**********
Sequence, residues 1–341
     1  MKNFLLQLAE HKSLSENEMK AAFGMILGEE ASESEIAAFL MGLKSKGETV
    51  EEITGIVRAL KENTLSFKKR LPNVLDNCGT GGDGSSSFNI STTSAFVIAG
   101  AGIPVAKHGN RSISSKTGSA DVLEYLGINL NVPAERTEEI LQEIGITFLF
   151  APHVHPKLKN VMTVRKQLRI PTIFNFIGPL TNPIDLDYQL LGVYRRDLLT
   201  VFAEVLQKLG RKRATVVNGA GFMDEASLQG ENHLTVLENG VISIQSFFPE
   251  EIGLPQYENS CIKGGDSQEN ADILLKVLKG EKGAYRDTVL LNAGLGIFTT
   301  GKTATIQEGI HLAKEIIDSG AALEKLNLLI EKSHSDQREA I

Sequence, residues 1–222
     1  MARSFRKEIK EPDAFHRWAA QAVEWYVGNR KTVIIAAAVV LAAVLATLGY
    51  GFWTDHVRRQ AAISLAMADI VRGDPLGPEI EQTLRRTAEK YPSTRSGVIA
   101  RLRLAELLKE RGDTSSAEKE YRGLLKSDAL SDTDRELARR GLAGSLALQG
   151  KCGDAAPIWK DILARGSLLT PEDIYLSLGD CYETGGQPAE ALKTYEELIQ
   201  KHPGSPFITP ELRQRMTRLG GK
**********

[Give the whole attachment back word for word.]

Sequence, residues 1–341
     1  MKNFLLQLAE HKSLSENEMK AAFGMILGEE ASESEIAAFL MGLKSKGETV
    51  EEITGIVRAL KENTLSFKKR LPNVLDNCGT GGDGSSSFNI STTSAFVIAG
   101  AGIPVAKHGN RSISSKTGSA DVLEYLGINL NVPAERTEEI LQEIGITFLF
   151  APHVHPKLKN VMTVRKQLRI PTIFNFIGPL TNPIDLDYQL LGVYRRDLLT
   201  VFAEVLQKLG RKRATVVNGA GFMDEASLQG ENHLTVLENG VISIQSFFPE
   251  EIGLPQYENS CIKGGDSQEN ADILLKVLKG EKGAYRDTVL LNAGLGIFTT
   301  GKTATIQEGI HLAKEIIDSG AALEKLNLLI EKSHSDQREA I

Sequence, residues 1–222
     1  MARSFRKEIK EPDAFHRWAA QAVEWYVGNR KTVIIAAAVV LAAVLATLGY
    51  GFWTDHVRRQ AAISLAMADI VRGDPLGPEI EQTLRRTAEK YPSTRSGVIA
   101  RLRLAELLKE RGDTSSAEKE YRGLLKSDAL SDTDRELARR GLAGSLALQG
   151  KCGDAAPIWK DILARGSLLT PEDIYLSLGD CYETGGQPAE ALKTYEELIQ
   201  KHPGSPFITP ELRQRMTRLG GK